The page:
David Bodamer | Jan 23, 2018
For years, multifamily has been the preferred bet for agnostic commercial real estate investors. But bulwarked by the continued rise of e-commerce and changes among manufacturers and retailers to optimize supply chain management, the industrial sector is giving multifamily a run for its money.
The sentiment is based on exclusive research gathered as part of NREI’s fourth annual survey of the industrial real estate sector. Whether it comes to occupancy rates, rents or even cap rates, sentiment has improved from a year ago. In addition, fewer respondents are worried about the potential for overdevelopment, with a substantial minority worried that, in fact, too little new construction is taking place. And the percent of respondents saying they were looking to buy industrial real estate (vs. holding or selling) also increased.
“As the economy gets better and e-commerce keeps growing, I think industrial has a long runway,” one respondent wrote.
Finance and investment trends
After reporting declines in 2016 and 2017, respondents in this year’s survey noted that cap rates in their regions had stabilized. On average, respondents estimated cap rates in their region to be 6.1 percent, the same figure as last year.
Sentiments have also moved on capital availability.
Investment sales volumes were robust in 2017. Driven in part by some large portfolios trading hands, investment sales volume in the industrial sector through the first three quarters of last year was the third highest of any year since 2008, according to real estate services firm JLL and research firm Real Capital Analytics (RCA). Overall, RCA recorded $55.2 billion in investment sales activity involving industrial space for the first three quarters. In the most recent quarter, cap rates averaged 6.6 percent.
On the equity front, 45 percent of respondents said the availability of capital was unchanged from a year ago (down from 52 percent in 2017). An additional 34 percent said capital was more widely available (up from 28 percent). Meanwhile, eight percent said less capital was available and 13 percent said they were unsure.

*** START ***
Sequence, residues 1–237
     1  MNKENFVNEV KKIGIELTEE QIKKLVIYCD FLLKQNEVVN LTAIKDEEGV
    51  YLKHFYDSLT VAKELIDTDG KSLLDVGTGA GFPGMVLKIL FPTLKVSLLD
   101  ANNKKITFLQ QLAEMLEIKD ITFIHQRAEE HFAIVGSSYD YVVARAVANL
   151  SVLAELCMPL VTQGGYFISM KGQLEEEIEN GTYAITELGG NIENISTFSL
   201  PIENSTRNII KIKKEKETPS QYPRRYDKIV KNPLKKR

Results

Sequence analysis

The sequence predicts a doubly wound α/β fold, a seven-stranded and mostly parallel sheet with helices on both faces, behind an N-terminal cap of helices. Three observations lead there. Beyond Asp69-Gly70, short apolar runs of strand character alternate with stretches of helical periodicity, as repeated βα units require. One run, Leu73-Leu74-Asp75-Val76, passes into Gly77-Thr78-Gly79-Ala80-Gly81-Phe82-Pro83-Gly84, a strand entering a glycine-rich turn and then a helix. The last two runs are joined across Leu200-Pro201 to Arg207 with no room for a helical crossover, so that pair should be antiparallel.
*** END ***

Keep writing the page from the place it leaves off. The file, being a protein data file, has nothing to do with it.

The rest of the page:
The numbers were similar when it comes to debt, where 50 percent said it was unchanged (down from 53 percent in 2017), 29 percent said it was widely available (up from 23 percent), 10 percent said it was less available and 11 percent said they were unsure.
Respondents were also asked how they expect various lending factors to change in 2017. The majority (75 percent) expect interest rate increases. (That’s down from 88 percent a year ago). And 35 percent also expect a rise in the risk premium (down from 44 percent). For two other factors (loan-to-value ratios and debt service coverage ratios), a majority of respondents (roughly 70 percent for both) don’t expect to see changes. Those numbers were consistent with 2017’s sentiments.
As that translates to investment activity, just less than half of respondents (48 percent) said they plan to hold industrial properties in the next 12 months. That’s down from about 55 percent in 2017. Only 14 percent plan to sell (up a tick from 13 percent in 2017), while 38 percent are looking to buy, up from 33 percent in 2017.
In breaking down the industrial sector a bit, a majority of respondents (64 percent) said warehouse/distribution facilities in traditional locations would be most in demand going forward. That was followed by “last mile” warehouses (36 percent) and flex industrial facilities (32 percent). (Respondents were allowed to select more than one property type.)